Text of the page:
The best of memories
I didn’t get around to writing a blog post last week. I’d just received the very sad news that Philip Weller, one of the most important musical influences on my life and career, and a dear friend, had died. Philip was a long-serving member of staff at the University of Nottingham, where he taught me both as an undergraduate and Masters student, conducted the university choir for which I played, organised other performances, took me and a few others on opera trips, and dropped round for tea and cake. I’ve always described Philip, in speaking of him to others, as the person who taught me to think. Certainly he was the person who opened all kinds of doors to other things I knew nothing about – musical, artistic poetic – and always with huge passion, wit and lightness of touch. So I thought I’d share just a few of my favourite Philip memories.
Critical Thinking. Each year, Philip taught a first and second year history course to all the music students called ‘Critical Thinking’. It was very varied in its musical content, from Renaissance to twentieth-century repertoire (and in one session he got everyone to turn on their mobile phone ringtones and wandered around the room listening to them and passing judgement on which tunes he liked the best). He spent a lot of time working on how we thought about subjects, organised information, planned essays and so on. His tutorials always included the production of little spidery mind-maps which he would then photocopy so he could keep a version for reference. His handwriting was not the easiest and quite soon I became chief interpreter for the younger students. By the time I was doing my Masters I had become a sort of unofficial translator and I didn’t think he knew… until he came to find me not long before I graduated. ‘It’s going to be strange with you gone,’ he said. ‘What am I going to do now that the students can’t come to you for secondary tutoring?!’
Translation in action. In my first year at Nottingham, Philip conducted the university choir. The repertoire was largely Schubert, Schumann and Brahms – in fact, it was this that got me into the repertoire which would eventually form the basis of my PhD research, thanks to the support and encouragement of Robert Pascall. Since Philip knew I’d done German A/S, he asked me if I’d put together some basic translations of the pieces so that we could work through them together. For whatever reason I found it particularly tricky to track down a translation of the German word ‘girret’, and in one of the songs I had to look at, a group of little doves begin to ‘girren’. We sat the next day outside Philip’s office as he looked through, and fixed, my decidedly wobbly translations. ‘It’s onomatopoeic,’ he said when we got to the mystery dove verb. ‘Girren’ is ‘to coo’ – because it sounds like cooing, doesn’t it?’. And he began to coo, rather convincingly, as various other students wandered past looking decidedly baffled.
New books. I think it would be fair to say that I was a pretty precocious little swot at university. I can’t quite remember how it began, but after a while, Philip used to sit with me and make me reading lists for the holidays. But they were not simple reams of music biography – on the contrary. It was through those lists that I came to read Arthurian Romances; see the photography of Henri Cartier-Bresson; discover Roland Barthes, and quite a bit about Greek mythology, and the heartbreakingly beautiful Le Grand Meaulnes by Alain-Fournier. I owe him an awful lot for those.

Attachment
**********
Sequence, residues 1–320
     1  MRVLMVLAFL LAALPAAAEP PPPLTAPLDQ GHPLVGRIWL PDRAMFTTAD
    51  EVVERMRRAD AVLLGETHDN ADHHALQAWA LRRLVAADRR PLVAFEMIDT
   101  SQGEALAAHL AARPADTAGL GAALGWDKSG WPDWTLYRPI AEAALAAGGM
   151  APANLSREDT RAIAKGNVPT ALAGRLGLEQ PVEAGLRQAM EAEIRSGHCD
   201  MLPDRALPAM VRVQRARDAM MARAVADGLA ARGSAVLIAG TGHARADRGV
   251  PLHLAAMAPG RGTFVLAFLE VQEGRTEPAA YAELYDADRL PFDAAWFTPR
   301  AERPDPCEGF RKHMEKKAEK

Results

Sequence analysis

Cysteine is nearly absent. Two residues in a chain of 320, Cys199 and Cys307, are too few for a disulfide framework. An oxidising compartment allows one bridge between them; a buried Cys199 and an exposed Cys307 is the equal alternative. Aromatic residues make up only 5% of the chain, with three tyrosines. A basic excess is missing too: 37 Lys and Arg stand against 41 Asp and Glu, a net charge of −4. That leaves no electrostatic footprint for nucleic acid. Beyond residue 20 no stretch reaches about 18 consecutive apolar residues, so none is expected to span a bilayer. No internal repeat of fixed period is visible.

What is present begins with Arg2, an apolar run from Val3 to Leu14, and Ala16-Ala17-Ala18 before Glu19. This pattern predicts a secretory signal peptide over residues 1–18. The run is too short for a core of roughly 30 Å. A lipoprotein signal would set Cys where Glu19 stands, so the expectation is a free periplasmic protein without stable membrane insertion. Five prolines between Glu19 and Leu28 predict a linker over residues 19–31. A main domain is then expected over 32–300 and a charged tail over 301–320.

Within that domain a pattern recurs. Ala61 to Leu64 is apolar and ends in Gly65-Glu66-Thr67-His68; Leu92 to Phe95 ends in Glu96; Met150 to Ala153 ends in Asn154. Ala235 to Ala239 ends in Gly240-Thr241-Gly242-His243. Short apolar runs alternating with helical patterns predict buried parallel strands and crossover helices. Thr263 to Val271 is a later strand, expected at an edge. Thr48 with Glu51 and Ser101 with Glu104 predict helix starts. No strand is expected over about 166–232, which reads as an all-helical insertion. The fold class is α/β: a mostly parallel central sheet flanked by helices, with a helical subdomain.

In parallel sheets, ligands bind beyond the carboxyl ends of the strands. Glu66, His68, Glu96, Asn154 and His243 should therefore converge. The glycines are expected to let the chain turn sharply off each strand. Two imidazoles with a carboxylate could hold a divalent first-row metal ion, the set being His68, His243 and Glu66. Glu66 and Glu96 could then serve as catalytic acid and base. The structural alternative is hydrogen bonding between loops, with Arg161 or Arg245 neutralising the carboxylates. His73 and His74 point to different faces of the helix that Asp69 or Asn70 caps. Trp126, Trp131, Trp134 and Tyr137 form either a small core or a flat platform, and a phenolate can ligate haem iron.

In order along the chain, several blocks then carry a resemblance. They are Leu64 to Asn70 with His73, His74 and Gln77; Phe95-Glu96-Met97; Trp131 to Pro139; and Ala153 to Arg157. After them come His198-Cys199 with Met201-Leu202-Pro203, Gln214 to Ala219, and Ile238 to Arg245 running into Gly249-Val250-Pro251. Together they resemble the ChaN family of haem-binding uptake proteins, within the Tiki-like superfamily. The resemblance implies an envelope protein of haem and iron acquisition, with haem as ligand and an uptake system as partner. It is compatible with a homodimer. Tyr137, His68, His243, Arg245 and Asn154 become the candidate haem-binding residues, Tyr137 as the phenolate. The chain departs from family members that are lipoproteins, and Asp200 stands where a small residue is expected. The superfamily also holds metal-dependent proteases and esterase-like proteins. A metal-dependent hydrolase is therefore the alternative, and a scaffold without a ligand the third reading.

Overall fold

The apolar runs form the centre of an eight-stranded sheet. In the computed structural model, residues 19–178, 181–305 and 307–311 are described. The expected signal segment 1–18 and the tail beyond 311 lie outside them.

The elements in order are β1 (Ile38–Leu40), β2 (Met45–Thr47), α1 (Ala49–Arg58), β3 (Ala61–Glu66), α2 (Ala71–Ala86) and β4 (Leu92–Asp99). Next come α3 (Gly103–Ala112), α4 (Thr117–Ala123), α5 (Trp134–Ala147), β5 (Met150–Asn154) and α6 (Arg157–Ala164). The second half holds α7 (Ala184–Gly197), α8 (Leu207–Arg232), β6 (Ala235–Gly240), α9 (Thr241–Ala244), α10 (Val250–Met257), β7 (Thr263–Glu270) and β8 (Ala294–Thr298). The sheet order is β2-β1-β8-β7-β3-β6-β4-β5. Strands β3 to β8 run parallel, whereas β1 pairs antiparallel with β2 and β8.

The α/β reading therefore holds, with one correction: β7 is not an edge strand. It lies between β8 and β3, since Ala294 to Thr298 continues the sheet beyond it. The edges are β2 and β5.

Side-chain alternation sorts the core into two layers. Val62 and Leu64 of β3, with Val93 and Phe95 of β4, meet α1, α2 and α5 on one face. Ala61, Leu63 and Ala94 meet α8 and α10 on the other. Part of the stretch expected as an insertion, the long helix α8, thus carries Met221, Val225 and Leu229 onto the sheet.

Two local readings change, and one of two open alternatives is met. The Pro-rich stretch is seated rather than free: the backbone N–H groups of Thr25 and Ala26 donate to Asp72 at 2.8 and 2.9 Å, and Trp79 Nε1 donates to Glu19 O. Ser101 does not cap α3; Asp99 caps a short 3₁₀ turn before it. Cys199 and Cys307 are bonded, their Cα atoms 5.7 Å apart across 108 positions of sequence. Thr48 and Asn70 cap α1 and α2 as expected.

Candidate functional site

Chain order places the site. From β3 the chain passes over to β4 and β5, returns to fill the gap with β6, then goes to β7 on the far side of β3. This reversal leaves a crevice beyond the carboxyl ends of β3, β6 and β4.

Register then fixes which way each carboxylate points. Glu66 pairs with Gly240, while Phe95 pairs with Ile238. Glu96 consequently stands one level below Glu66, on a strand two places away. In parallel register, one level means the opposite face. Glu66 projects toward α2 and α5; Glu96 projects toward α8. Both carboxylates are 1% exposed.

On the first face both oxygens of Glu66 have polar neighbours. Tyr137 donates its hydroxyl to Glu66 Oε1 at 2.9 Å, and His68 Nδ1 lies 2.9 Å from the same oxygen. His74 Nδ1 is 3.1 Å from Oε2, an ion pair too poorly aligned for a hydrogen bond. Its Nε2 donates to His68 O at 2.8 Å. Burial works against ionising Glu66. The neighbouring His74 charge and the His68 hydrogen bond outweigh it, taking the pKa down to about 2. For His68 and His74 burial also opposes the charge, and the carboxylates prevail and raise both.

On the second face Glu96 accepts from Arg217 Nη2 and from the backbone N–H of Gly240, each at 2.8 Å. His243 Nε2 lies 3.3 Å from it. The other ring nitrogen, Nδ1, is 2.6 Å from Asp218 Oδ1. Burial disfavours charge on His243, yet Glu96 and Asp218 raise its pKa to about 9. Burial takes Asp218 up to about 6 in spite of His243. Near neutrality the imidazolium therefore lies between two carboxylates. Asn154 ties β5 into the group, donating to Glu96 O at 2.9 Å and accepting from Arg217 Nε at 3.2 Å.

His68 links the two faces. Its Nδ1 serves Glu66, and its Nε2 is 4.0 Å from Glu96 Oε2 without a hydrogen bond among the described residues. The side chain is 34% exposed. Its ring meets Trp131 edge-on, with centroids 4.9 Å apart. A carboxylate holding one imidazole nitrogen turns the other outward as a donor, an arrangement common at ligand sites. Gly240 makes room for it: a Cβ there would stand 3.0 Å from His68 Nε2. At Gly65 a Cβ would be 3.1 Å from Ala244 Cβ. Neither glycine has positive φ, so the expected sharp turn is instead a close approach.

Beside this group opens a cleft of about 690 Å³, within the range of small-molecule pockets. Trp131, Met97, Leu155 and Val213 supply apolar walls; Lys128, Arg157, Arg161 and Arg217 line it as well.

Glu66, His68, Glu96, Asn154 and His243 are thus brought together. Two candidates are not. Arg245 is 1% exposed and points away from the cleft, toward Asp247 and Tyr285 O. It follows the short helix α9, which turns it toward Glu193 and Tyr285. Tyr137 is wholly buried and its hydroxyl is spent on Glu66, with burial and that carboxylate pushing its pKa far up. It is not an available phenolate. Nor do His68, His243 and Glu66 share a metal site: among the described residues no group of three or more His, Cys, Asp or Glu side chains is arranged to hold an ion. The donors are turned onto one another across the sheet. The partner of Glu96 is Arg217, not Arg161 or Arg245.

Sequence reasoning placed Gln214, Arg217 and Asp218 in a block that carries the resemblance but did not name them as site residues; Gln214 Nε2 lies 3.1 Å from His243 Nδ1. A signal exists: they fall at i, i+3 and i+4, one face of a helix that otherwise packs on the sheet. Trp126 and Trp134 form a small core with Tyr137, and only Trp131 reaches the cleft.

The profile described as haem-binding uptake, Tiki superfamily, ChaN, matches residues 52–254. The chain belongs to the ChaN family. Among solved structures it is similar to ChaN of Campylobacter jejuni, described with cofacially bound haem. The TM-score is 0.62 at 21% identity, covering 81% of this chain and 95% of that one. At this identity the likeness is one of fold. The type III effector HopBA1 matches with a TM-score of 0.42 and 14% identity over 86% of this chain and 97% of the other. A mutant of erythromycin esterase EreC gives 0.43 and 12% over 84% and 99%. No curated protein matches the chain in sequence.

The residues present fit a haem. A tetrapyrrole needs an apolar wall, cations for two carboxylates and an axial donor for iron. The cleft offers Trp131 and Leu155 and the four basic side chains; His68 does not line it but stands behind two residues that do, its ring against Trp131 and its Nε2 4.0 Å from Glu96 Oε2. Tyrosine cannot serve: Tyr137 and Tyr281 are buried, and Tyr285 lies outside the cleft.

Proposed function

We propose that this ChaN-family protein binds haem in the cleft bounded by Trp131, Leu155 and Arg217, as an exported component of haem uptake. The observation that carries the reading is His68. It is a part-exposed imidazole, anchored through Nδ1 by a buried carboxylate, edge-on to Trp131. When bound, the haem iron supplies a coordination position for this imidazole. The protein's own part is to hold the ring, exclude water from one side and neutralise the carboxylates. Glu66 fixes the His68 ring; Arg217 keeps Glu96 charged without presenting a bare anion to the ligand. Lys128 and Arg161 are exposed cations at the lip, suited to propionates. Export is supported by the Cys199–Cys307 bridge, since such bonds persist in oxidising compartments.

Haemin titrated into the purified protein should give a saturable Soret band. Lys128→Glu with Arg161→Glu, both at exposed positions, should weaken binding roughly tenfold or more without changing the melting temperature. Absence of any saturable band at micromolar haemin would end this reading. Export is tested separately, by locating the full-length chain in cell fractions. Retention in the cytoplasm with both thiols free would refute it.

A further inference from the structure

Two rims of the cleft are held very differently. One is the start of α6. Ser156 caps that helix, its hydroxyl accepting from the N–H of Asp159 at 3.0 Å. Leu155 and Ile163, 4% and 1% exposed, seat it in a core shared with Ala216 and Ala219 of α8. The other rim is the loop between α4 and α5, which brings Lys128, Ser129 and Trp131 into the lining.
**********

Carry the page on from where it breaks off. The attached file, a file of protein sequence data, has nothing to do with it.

A fitting send-off. That’s not to say, of course, that all we did was study and translate and write. A mutual friend had a canal boat, and one sunny day (I think I was a postgrad by this point) we all went off along the canal and into Nottingham. It was a lovely journey, Philip and I were in charge of locks, and so far along the route we set about making tea. No one had been in the boat for a while, and on fiddling about getting the tea ready, one of our little group let out a shriek on discovering the body of a very large, though thankfully very dead, spider in one of the mugs. Philip took it out to the front of the boat, waited until we were passing under a particularly resonant bridge, and then sang it a brief and entirely liturgically accurate Requiem in Latin before plopping it into the water.
Are you getting a sense of this amazing man? He was utterly brilliant, and his knowledge across subjects and history was just astonishing… but he was also wonderfully eccentric and had a grand sense of the ridiculous. No wonder we all adored him so much. The final anecdote, however, must go to something he said to me once which irritated me hugely at the time, but in retrospect was a rather valuable lesson. (Of course – I should have trusted him by then, really, to have worked out such a thing.) We were performing together in a concert, playing the Three Pieces for String Quartet by Stravinsky in the piano duet arrangement. I was tired, and I imagine so was he: it was near the end of term, we didn’t have long to learn it, all the usual business. There was one particular bit that I kept screwing up, and I was getting more and more frustrated. As we played it through for the third or fourth time, I messed up again and said angrily, ‘Aaargh, I keep hitting this note instead of this note.’ Philip looked at me and smiled slightly. And he said simply, ‘Well, don’t.’ I think I mumbled something grumpy and we carried on. But he had a point – a very good one. And that calm, slightly amused voice is with me still when I’m getting irate about similar problems. Just as his lovely resonant voice is there when I think of recitation and singing (and spiders’ burials at sea), and his ways of thinking are with me every time I pick up a pen. How wonderfully lucky I was to know him. He will be sorely missed. And so very warmly remembered.